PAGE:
Scientists from Calypte Biomedical, a research and developmentcompany in Berkeley, Calif., reported they may have uncovered alink between human endogenous retroviruses (HERV) and AIDS.

Howard Urnovitz, founder and chief scientist of Calypte, said thecompany's research showed HERV antibodies were detected in eightof eight AIDS patients tested, but were not present in 18 people whohad HIV without AIDS symptoms. Also, he said, three of the 18 whotested negative for the HERV antibodies were long-term HIV-positive survivors.

Urnovitz presented the findings last week at the American Society ofMicrobiology conference in Washington.

He said HERV antibodies are believed to appear when the body'scell-mediated immune system fails. The shut-down of the immunesystem is considered the point at which HIV progresses to AIDS.

Calypte's preliminary research, Urnovitz said, indicates that thepresence of HERV antibodies may signal the progression of thedisease and that HERVs may act as "co-factors."

In addition, Urnovitz said, testing for HERV antibodies may be amore effective method for detecting HIV than current diagnostictechniques, which look for HIV antibodies.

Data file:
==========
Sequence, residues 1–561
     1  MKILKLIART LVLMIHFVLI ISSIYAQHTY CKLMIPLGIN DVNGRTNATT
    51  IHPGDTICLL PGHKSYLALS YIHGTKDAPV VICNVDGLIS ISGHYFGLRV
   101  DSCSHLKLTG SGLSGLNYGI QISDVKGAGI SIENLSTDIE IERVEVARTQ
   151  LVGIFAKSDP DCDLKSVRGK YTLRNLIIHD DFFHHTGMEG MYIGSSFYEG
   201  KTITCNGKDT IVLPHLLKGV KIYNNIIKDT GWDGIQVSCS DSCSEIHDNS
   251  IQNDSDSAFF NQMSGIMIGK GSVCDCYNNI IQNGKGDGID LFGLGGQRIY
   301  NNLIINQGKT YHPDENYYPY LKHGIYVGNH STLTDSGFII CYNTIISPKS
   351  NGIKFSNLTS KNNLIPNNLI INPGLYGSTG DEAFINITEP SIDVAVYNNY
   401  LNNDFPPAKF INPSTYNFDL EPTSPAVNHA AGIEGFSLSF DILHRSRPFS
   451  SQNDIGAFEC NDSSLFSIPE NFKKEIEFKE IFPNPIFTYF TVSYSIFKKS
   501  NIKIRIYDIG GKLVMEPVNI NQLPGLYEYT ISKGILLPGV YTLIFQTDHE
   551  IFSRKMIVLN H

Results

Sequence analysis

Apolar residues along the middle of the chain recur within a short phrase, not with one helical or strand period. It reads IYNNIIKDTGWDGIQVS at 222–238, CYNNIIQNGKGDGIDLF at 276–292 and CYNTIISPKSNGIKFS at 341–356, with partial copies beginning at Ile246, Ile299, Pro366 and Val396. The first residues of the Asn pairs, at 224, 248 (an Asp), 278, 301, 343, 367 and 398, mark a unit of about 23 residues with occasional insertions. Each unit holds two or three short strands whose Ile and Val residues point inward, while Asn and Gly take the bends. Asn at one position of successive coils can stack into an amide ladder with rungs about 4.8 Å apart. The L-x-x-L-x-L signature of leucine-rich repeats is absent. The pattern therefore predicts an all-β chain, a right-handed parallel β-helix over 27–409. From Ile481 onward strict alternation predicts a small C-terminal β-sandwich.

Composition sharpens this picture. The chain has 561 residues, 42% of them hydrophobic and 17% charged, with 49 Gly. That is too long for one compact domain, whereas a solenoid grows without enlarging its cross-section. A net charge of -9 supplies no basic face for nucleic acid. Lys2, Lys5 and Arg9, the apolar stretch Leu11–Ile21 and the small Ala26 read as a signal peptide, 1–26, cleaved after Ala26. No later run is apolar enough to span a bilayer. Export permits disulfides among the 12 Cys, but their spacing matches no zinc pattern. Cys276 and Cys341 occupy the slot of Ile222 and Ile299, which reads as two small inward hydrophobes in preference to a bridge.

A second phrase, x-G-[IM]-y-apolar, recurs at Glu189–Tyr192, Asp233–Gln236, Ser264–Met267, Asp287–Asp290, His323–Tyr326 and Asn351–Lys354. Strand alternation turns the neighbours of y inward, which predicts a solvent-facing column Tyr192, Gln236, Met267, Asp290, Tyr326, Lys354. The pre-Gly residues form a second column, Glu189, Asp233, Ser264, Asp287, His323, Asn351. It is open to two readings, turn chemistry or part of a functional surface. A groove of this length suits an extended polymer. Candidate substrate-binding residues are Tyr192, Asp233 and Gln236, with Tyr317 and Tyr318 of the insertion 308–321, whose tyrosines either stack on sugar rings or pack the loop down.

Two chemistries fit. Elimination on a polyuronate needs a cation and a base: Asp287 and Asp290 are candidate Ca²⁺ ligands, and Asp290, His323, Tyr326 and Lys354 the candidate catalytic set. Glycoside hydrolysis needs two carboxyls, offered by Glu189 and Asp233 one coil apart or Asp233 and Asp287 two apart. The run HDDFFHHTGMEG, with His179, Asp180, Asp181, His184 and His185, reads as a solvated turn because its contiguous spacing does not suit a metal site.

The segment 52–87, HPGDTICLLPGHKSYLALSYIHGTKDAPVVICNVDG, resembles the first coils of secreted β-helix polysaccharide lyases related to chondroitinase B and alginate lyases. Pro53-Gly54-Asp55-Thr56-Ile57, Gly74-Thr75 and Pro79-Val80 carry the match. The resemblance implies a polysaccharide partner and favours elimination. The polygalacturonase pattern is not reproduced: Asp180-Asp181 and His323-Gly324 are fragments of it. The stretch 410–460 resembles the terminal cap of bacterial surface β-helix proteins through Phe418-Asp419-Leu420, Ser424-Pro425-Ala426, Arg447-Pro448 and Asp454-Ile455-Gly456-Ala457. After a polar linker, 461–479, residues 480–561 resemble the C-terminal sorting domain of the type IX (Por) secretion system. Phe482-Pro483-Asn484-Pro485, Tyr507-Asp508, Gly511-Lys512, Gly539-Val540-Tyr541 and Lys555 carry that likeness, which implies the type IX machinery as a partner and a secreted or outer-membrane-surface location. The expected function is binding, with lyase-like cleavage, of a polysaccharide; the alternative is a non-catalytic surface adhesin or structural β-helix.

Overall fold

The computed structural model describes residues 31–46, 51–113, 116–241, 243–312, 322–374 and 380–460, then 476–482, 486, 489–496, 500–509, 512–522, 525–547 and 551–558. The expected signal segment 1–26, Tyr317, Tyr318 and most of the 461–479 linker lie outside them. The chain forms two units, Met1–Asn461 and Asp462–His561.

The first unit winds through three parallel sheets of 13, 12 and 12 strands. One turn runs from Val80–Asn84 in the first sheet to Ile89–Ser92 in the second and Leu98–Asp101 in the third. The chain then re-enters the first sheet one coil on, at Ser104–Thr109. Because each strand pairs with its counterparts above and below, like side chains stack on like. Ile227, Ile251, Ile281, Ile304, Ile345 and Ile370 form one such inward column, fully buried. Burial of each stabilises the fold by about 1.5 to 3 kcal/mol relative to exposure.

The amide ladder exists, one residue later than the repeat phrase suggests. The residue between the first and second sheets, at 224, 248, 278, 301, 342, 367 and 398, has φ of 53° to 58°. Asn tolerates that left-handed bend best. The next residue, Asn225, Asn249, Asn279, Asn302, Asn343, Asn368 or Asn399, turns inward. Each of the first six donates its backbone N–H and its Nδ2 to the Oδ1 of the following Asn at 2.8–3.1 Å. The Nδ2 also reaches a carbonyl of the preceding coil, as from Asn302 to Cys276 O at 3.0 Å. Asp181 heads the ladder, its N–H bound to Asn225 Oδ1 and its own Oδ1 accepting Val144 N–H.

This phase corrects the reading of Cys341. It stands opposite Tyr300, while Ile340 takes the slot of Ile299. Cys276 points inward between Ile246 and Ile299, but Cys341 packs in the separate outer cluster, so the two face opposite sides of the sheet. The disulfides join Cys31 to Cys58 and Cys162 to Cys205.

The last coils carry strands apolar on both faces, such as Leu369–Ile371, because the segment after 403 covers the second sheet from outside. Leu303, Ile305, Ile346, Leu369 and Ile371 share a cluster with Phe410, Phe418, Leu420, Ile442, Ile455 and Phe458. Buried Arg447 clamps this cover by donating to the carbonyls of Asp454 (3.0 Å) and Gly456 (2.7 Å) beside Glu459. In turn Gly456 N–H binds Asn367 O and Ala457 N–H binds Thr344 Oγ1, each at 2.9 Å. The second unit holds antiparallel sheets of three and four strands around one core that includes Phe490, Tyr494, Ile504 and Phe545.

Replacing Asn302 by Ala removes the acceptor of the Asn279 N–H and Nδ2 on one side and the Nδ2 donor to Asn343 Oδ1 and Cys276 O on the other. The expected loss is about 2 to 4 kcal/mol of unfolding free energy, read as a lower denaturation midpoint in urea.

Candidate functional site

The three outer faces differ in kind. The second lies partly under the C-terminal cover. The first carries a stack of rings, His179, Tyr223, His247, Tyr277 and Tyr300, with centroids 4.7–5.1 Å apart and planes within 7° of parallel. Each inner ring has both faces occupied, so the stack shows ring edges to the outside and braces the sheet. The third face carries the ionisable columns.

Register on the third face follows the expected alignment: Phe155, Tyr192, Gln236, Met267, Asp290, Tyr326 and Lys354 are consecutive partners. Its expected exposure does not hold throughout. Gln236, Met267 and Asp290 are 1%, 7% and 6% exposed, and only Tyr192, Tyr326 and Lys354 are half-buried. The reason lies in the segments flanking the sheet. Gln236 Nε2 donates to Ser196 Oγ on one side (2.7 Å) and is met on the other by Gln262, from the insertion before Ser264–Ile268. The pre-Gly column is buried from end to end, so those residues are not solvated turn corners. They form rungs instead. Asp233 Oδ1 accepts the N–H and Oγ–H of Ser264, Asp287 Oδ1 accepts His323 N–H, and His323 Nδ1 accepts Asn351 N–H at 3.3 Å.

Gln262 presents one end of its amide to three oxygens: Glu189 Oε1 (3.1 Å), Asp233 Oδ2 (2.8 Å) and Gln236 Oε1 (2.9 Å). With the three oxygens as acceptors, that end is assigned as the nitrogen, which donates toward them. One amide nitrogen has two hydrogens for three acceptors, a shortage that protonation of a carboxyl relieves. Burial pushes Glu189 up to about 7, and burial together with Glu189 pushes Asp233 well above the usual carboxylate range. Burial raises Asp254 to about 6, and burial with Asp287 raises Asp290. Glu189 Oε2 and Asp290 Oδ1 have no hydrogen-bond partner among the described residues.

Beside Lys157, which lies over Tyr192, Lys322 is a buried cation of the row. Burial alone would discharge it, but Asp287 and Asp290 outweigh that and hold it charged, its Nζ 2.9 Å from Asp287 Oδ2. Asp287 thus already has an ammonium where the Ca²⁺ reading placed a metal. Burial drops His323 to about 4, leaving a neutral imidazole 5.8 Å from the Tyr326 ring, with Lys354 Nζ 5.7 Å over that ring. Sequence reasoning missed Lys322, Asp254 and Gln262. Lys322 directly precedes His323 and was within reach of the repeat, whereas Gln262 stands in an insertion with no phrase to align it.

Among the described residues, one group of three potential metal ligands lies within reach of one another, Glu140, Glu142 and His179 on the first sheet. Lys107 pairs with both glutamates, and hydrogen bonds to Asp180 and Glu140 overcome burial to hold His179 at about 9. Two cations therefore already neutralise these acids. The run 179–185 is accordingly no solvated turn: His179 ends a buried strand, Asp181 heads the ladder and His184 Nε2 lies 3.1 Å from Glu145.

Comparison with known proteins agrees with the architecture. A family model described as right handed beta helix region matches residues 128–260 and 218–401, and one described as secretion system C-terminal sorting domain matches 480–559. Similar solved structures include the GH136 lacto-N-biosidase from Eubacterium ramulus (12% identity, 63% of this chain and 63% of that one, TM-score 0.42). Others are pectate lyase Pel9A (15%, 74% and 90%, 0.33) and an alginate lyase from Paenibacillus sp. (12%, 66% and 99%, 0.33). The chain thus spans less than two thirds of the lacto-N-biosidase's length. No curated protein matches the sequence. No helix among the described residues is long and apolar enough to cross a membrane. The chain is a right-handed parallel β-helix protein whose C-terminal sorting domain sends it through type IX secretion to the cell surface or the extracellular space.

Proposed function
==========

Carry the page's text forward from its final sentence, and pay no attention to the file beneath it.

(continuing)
Calypte's researchers evaluated eight healthy people whose tests forHIV antibodies were "indeterminate" and found their bloodcontained HERV antibodies.

Urnovitz said HERVs occur naturally and have been studied sincethe 1970s, but their relationship to diseases is not understood. Hesaid HERVs, however, may play a part in autoimmune andneurological disorders and the retroviruses may be activated fromtheir normally benign state by other viruses. _ Charles Craig

(c) 1997 American Health Consultants. All rights reserved.